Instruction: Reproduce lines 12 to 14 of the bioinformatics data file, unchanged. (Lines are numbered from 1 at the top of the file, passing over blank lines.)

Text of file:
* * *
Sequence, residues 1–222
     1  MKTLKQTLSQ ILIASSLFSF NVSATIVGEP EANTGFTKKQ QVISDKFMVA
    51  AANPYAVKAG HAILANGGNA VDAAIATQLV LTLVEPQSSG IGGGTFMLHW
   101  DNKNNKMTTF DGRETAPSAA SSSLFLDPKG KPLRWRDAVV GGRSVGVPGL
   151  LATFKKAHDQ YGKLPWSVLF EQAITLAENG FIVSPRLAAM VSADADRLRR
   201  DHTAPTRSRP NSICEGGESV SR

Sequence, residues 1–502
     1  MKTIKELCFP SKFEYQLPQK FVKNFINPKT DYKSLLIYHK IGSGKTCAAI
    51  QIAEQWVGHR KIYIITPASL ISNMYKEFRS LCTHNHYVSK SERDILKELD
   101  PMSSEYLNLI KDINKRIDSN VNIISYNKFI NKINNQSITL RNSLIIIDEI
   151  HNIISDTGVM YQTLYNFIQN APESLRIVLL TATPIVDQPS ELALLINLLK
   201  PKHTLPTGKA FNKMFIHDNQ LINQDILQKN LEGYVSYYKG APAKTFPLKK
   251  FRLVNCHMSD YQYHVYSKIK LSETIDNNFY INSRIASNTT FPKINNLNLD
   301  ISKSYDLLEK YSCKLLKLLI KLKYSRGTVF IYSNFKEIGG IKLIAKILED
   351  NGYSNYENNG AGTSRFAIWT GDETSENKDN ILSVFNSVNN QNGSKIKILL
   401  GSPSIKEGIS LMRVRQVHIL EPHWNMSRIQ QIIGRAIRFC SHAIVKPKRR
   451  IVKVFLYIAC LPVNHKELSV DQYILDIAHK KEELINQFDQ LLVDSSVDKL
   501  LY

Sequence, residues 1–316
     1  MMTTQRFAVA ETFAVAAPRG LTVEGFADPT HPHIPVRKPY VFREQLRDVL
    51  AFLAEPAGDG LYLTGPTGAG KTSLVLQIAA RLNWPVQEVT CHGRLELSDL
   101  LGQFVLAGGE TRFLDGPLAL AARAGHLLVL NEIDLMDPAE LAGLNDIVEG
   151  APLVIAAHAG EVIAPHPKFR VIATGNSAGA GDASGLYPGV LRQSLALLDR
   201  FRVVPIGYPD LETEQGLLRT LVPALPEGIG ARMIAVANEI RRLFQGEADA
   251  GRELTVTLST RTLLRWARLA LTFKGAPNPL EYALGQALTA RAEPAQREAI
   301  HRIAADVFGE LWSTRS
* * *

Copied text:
   201  PKHTLPTGKA FNKMFIHDNQ LINQDILQKN LEGYVSYYKG APAKTFPLKK
   251  FRLVNCHMSD YQYHVYSKIK LSETIDNNFY INSRIASNTT FPKINNLNLD
   301  ISKSYDLLEK YSCKLLKLLI KLKYSRGTVF IYSNFKEIGG IKLIAKILED